federal death penalty ruling

For the second time this year, a Federal District Court Judge has found the death penalty unconstitutional. Judge William Sessions' decision arrives at that ruling in a unique manner, taking a look at the presentation of charges in an indictment to the grand jury. The opinion (pdf) considers the rights of the defendant during the grand jury phase of a capital case.

The earlier federal District Court decision this year declared that capital punishment itself is unconstitutional. And, Arizona vs. Ring, before the US Supreme Court a few months ago, involved the sentencing aspect of a death penalty case. This case is distinquished from those because it looks at what might be required during grand jury proceedings:
Fell's lawyer, Alexander Bunin, called the ruling a landmark that could jeopardize cases against every defendant facing the death penalty, including that of Sept. 11 conspiracy suspect Zacarias Moussaoui.

Paul Martinek, editor of Lawyers Weekly USA, said a higher court will have to agree with Sessions before that happens.

But Martinek added, "The intellectual implications for influencing what other judges might do, potentially influencing what the Second Circuit (Court of Appeals) and maybe the Supreme Court might do, are pretty big. It's a new idea about how to challenge the federal death penalty.''
Other federal judges in Pennsylvania and Virginia have upheld the constitutionality of the Federal Death Penalty Act earlier this year.
Delaware Legislature teams up with DSBA

In a characteristicly cooperative manner, the Delaware House of Representatives, in House Resolution 91 (pdf), has formed a committee to team up with the Trusts and Estates Section of the Delaware State Bar Association to review our Trust and Estate laws, and to keep them current for all Delaware Trust entities. It is this type of annual maintenance and attention to detail that keeps Delaware Trust and Corporate Law on the cutting edge.
Enron for some, opportunity for others

A Canadian firm seeks to boost their ownership in Alliance natural gas pipeline production which runs from Ft. St. John, B.C. to Chicago. The Enron debacle has lowered prices to make this expanding acquisition attractive.

Monday, September 23, 2002

silence is copyrighted?

Great googly moogly. If the concept of copyrighting a minute of silence is a valid legal process, am I not liable for damages if I miss a day on my blog? This British lawsuit settled out of court, in 6 figures, for copying silence. Splain this to me, Lucy.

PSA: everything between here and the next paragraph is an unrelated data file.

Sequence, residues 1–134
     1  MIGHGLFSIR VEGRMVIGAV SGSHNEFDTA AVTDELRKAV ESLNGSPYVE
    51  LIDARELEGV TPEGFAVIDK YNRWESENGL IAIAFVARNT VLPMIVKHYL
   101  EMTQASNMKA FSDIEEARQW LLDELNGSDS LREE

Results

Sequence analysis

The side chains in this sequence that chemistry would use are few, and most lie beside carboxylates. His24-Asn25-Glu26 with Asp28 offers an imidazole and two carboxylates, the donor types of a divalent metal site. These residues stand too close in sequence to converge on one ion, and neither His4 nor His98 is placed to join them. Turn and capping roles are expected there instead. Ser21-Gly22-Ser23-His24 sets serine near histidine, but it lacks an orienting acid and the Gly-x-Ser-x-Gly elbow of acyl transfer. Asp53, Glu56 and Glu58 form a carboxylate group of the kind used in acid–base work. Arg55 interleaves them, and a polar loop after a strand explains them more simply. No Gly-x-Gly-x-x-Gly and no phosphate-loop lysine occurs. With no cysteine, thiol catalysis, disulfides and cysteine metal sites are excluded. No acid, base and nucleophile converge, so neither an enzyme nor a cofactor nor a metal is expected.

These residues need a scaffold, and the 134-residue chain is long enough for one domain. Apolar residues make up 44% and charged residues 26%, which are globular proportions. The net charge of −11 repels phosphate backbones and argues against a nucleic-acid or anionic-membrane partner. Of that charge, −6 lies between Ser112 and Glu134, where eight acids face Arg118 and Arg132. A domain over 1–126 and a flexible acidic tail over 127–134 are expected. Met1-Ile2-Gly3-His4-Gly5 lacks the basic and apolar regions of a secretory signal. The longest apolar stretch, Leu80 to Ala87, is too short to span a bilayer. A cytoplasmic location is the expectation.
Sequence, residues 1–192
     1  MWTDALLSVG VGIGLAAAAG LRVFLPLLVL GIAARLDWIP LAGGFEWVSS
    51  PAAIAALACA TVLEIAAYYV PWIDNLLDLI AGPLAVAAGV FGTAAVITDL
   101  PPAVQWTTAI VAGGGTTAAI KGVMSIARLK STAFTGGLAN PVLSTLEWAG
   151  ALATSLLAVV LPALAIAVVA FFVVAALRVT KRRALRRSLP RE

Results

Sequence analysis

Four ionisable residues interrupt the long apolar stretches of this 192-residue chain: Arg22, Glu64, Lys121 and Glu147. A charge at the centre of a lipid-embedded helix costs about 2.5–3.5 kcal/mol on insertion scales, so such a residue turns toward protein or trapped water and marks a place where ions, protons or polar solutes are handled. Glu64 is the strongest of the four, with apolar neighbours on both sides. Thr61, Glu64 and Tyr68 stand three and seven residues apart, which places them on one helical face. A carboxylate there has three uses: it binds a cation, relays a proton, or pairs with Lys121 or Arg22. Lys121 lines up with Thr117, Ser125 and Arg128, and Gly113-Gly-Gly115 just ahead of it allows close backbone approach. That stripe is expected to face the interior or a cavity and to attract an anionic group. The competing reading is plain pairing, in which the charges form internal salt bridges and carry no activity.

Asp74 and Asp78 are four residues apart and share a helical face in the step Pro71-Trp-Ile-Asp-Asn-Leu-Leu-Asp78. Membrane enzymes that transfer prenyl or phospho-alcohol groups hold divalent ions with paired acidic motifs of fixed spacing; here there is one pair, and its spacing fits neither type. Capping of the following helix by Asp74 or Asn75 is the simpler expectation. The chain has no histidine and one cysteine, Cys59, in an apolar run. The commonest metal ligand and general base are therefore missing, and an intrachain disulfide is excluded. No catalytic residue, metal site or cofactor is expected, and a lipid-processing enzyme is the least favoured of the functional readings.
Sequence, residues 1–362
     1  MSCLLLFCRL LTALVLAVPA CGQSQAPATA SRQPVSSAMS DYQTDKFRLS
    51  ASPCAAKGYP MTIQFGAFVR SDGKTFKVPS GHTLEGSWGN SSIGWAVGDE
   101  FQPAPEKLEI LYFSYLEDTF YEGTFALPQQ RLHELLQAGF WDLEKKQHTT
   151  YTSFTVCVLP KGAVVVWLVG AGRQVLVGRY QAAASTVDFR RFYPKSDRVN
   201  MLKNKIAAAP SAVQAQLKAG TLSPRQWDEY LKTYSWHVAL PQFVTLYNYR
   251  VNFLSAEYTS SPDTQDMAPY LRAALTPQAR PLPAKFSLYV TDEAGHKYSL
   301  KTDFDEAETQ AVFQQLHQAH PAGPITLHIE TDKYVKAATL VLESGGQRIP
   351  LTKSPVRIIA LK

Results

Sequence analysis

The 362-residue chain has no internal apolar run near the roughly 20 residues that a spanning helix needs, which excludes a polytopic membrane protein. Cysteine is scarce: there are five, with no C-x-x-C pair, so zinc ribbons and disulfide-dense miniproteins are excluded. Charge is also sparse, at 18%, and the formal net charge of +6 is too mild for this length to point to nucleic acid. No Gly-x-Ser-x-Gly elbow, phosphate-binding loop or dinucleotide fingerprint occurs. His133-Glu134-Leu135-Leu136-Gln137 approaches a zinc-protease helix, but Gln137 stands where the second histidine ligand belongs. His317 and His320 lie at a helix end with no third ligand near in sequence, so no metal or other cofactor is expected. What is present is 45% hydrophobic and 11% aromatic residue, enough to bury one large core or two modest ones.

Sunday, September 22, 2002

jury nullification

The New York Times includes some interesting commentary on the subject of jury nullification (reg. req'd) in an article about a possible amendment to South Dakota's constitution.
What are we really doing here, anyway?

Sometimes we reach out over the internet for answers to who we are and where we are going. I typed the title of this blog into a google search, and uncovered this unusual site. It didn't give me any answers but it helped me to move on.

Saturday, September 21, 2002

larry lessig, mickey mouse, snow white, and copyright extension

Yesterday, I had a chance to visit the Wired web site, and read Lawrence Lessig's Supreme Showdown. It's a long but very informative look at the background of the law professor. Larry Lessig is a key figure in what may become a landmark Supreme Court case. I'm not sure how much insight into the case we are going to get from his Lessig Blog, but I'll be visiting there regularly to see what thoughts he may have during the case.

The case? That would be Eldred v. Ashcroft. What's at stake in this case? How might the high profile argument about copyright extension that it focuses upon affect our lives?
If the law's challengers succeed, many of the oldest creative images in the United States will suddenly become part of the public domain. Films such as "Citizen Kane," "Casablanca," "The Wizard of Oz" and "Gone With the Wind" would no longer be subject to copyright protection.

Many of the works of Robert Frost, Agatha Christie, Tennessee Williams, Ernest Hemingway, George Gershwin, Cole Porter, Irving Berlin and others would belong to the public, not the writers' estates.
You may have seen references to Disney in articles about copyright extension, or the law referred to as the Mickey Mouse Protection Act. Disney does have a great amount to lose if this copyright extension law is knocked down. But, if that happens, who wins? Well, the simple answer is to point to you the plaintiffs and lawyers listed on the Eldred web site.

But, the real winners are the people who could benefit from having the works in the public domain. That would be you and I. Whether we take these previous artistic efforts, and incorporate them into our own works, or just share them freely with others and discuss them. I wanted to post a Robert Frost poem on a web page, a little over a week ago. It expressed my thoughts that day, perhaps better than I could do at the time. I ended up quoting one line and linking to the poem. Somehow, I think that Frost would have liked if I reprinted his poem, and shared it with others, and discussed what it meant to me.